If you want to start reading the Gospels to learn about the life of Jesus, it can be confusing or even intimidating to know where to start. Which of the 4 Gospels in the New Testament should you start with, Matthew, Mark, Luke, or John? After having read the Gospels numerous times and having taught on them for many years, I want to share with you the way that seems to work best for most people.
In what order should you read the gospels? The best order to read the Gospels in the New Testament is to start with the Gospel of Mark. Mark covers all the essentials of the life of Jesus but does not require as much historical or theological background knowledge as the other Gospels. It is also the shortest of the Gospels.
After reading Mark, you’ll have a good grasp on the essentials of the Gospel and be able to make a decision about which book to read next. If you read any of the other Gospels before Mark, I promise, my feelings won’t be hurt at all because you really can’t go wrong with reading any of the 4 Gospels! But, here are a few things to keep in mind as you read so that you can get the most out of it.
Mark is the Shortest of the Gospels But Has All the Essential Elements
One advantage of starting with Mark first is that it’s the shortest of the 4 Gospels and will take the average reader less than a couple of hours to read through it. It will help you get a grasp of all the essential points of the Gospel. What, by the way, is the Gospel?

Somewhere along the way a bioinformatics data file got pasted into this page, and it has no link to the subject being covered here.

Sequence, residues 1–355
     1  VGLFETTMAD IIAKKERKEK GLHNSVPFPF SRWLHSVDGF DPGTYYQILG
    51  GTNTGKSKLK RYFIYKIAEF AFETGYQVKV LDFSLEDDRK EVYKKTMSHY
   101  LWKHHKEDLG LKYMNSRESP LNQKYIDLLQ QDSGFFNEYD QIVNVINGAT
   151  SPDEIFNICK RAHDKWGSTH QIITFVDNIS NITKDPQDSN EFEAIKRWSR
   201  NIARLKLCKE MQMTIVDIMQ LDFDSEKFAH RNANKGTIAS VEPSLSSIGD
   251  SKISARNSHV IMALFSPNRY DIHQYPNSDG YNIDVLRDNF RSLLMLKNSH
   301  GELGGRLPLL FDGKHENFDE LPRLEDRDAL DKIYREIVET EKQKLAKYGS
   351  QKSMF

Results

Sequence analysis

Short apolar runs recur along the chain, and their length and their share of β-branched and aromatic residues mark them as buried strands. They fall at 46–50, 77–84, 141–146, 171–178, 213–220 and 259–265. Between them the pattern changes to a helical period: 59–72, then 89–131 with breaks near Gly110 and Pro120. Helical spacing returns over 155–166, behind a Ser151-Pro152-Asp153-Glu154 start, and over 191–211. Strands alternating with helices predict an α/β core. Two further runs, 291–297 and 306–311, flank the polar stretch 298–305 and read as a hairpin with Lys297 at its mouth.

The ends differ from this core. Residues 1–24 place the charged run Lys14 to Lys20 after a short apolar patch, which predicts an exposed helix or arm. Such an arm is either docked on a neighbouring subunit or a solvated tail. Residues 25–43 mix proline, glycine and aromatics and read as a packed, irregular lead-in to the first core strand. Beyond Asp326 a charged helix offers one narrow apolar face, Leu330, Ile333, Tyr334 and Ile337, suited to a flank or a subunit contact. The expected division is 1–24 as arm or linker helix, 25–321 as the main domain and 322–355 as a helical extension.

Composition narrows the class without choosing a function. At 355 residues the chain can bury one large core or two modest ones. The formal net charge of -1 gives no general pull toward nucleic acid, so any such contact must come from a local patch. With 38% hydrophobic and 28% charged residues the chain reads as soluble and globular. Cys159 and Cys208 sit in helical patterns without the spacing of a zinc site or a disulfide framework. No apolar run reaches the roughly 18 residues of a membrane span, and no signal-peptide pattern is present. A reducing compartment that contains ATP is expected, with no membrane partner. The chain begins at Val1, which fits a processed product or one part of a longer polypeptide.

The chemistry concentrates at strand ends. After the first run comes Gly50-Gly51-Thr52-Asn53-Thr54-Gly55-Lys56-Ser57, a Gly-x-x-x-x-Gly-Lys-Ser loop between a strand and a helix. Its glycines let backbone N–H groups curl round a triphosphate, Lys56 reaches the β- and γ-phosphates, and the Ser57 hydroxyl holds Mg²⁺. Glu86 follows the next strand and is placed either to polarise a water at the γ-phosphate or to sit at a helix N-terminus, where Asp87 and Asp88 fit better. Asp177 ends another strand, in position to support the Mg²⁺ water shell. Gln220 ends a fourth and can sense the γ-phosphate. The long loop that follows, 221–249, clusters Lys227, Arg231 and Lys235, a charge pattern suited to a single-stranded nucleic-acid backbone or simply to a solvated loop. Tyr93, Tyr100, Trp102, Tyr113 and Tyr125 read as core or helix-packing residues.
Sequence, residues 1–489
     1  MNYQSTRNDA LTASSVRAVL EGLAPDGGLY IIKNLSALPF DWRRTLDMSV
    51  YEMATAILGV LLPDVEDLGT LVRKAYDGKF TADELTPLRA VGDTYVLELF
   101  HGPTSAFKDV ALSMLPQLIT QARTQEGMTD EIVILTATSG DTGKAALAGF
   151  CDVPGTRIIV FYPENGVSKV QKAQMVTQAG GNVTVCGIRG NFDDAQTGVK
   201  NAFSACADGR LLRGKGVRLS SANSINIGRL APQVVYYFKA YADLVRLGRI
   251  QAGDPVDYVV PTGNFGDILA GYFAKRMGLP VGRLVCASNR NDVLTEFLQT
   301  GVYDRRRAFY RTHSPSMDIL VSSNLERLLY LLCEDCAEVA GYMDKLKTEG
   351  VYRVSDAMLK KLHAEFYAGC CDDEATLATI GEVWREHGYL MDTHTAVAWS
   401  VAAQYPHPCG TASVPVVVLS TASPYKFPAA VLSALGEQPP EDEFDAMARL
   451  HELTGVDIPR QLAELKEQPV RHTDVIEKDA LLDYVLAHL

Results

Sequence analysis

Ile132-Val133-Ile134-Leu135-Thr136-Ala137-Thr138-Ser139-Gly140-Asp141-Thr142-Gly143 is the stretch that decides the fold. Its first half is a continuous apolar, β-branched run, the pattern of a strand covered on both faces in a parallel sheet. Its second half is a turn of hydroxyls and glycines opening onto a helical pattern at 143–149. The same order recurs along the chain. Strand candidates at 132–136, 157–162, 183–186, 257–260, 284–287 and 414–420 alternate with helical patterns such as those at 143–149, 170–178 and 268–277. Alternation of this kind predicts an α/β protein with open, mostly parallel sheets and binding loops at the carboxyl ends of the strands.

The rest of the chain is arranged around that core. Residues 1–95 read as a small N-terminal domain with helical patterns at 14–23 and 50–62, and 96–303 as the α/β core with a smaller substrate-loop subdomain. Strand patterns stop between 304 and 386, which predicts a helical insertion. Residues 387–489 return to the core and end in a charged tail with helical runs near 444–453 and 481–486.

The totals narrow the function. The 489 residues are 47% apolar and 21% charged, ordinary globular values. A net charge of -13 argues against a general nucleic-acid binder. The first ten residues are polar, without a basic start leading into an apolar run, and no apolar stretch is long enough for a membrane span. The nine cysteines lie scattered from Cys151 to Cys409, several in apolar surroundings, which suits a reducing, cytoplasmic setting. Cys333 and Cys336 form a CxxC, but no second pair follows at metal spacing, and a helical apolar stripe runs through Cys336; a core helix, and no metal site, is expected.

Gospel simply means Good News. In essence, the Good News is that Jesus died, was buried, and was raised from the dead.
The 4 Gospels tell the Good News of who Jesus is and what He did for us to restore us back to God (1 Corinthians 15:1, 4).
So in starting out with Mark, you would get all the essentials of the Gospel. As I mentioned earlier, you really can’t go wrong with any of the 4 Gospels because they all cover those essential elements. The Gospels only provide a few chapters on Jesus’ earlier years and spend much more time focusing on the final week of His life.
For even the Son of Man came not to be served but to serve, and to give his life as a ransom for many. (Mark 10:45)